How much did a pint of beer cost when The Empire Strikes Back was released?

What a year 1980 was.

The Police’s tale of classroom lust, “Don’t stand so close to me”, was Top of the Pops, Only Fools & Horses was born, and The Empire Strikes Back hit the big screen, becoming the highest-grossing film of the year.

If you were one of the many who saw the film’s original release, you would have paid around £1.42 for a ticket. A pint in the local to discuss that kiss between Han Solo and Princess Leia – not to mention trying to use the Force to change the jukebox – was likely to be just 35 pence.

These days, it’s a different story. Tickets to see Star Wars: Rogue One in 2016 were closer to £10 and a pint of beer after the film would have knocked you back around £4, if you were lucky.

That is a big jump in costs, and a lot of it is down to inflation – the word we usually hear when someone is telling us that things are going to cost more.

It’s generally not a popular topic, and understandably so: inflation reduces the spending power of our money, effectively pushing prices up. Over time, we need to earn more just to have the same spending power as we used to have.

In fact, you would need more than £38 today to spend the equivalent of £10 in 1980.

So just how much have prices gone up since 1980? To answer that, we’ve put a little quiz together to show how much things have already changed, and where prices could be headed in the future.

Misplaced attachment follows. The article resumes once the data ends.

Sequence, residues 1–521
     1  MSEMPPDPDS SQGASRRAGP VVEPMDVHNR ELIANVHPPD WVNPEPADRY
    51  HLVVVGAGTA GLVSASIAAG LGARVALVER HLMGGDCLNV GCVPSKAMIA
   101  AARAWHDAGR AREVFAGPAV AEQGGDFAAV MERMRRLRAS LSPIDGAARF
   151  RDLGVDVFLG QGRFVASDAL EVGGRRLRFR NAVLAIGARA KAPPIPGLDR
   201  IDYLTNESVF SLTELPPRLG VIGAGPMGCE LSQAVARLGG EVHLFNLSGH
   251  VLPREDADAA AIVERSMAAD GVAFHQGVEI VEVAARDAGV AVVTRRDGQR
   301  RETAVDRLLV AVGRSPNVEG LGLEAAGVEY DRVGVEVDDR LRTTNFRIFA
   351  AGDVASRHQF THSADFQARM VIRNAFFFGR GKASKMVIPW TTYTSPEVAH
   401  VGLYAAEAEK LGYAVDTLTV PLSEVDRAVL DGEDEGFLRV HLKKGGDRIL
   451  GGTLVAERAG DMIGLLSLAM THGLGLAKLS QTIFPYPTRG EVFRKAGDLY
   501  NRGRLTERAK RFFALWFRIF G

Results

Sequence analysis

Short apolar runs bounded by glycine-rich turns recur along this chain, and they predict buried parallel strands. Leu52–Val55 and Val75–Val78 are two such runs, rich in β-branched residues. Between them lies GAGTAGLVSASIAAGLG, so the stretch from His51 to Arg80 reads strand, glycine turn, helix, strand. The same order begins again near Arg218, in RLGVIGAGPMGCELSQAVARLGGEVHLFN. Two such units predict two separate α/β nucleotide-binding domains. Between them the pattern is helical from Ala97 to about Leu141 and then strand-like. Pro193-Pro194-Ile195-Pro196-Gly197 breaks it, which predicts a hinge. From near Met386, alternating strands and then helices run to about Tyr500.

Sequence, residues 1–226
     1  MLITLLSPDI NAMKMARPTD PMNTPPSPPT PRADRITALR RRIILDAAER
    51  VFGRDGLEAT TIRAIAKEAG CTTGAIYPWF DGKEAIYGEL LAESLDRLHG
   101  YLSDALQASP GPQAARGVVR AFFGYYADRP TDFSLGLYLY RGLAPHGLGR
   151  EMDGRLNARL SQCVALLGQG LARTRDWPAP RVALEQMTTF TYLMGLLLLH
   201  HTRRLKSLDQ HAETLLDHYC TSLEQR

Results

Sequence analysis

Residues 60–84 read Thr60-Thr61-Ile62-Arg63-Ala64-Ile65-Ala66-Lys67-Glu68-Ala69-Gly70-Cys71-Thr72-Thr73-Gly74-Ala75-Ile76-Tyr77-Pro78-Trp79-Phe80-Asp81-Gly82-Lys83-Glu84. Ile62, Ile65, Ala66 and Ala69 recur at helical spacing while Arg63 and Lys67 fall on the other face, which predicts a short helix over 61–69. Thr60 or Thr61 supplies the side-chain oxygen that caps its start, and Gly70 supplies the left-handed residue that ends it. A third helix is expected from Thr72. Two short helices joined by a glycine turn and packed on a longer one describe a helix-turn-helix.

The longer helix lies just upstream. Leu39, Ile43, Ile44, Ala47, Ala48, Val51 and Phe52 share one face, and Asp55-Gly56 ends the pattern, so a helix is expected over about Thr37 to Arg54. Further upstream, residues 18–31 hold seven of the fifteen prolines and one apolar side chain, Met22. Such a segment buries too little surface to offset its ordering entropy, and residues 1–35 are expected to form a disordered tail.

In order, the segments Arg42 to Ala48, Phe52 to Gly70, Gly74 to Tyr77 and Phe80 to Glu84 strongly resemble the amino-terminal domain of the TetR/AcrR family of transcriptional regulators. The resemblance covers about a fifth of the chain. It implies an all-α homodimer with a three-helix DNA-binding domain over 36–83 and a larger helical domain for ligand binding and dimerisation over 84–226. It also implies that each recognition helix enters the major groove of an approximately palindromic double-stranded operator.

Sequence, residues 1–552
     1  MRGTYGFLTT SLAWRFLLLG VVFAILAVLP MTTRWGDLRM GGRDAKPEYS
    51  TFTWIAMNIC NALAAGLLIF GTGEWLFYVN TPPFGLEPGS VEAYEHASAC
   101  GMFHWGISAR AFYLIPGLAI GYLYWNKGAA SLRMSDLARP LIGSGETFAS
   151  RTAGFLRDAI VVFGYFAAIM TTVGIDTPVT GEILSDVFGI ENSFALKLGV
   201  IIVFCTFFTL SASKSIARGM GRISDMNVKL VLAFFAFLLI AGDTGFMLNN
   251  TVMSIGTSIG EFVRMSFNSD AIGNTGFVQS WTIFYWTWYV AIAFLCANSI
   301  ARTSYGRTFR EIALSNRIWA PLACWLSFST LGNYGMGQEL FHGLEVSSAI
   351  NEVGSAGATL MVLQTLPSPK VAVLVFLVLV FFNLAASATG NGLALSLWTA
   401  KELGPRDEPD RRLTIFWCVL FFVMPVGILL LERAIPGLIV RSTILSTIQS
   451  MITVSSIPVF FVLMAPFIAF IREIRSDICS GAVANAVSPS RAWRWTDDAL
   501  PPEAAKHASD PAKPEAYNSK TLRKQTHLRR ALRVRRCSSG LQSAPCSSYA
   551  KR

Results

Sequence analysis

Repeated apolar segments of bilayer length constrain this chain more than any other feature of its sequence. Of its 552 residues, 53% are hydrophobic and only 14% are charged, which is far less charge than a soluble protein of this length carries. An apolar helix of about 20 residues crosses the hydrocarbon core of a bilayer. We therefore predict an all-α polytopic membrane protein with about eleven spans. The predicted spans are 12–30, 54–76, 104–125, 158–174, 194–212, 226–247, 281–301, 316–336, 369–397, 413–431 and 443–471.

Take our quick quiz: how good are you at predictions?

We’ve looked at five things that people regularly buy and have included their average costs in 1980 and today. How much do you think each one will cost in 10 years? Answers straight after the quiz!

Pension prediction

How accurate are you at pricing the future?

How did you fare?





Litre of petrol


£1.17 £1.50
1kg of apples 53p £1.81 £2.32
Loaf of bread 33p £1.35 £1.73
Pint of milk 17p 46p


Cinema tickets £1.42 £9.84 £12.63


Of course, these 2027 prices are not guaranteed – any forecast for 10 years’ time is only a prediction. They are certainly reasonable, though, as we reached them with the widely-used inflation rate of 2.5%.

Things could always turn out differently, and if inflation matches its 1980 level of 18% then by 2027 you could be paying £7.07 for a litre of petrol and £2.78 for a pint of milk.

Reach victory over inflation

One of the most effective ways to beat inflation is to save a portion of your earnings into a pension. (The key is to have one that is working as hard as it possibly can for you.)

If a pension is performing well and has low charges then you should always stay ahead of inflation, at the very least. On the other hand, if your pension is lazy, or just plain expensive, you could be losing money.

With inflation tipped to increase this year, now is a great time to make sure your pension is on track to delivering the best possible future for you.

We have already helped more than 14,000 people to get the most out of their pension and we’re here to help you too.

To get started, just click on the box below and claim your free guide.

Claim your free personal pension guide

Pension GuideWhat’s covered:

  • A deliciously quick overview of what types of pension you might have
  • The reasons why a transfer could be right for you
  • Industry phrases and what they mean
  • How our approach is different to most, if not all, financial advisers


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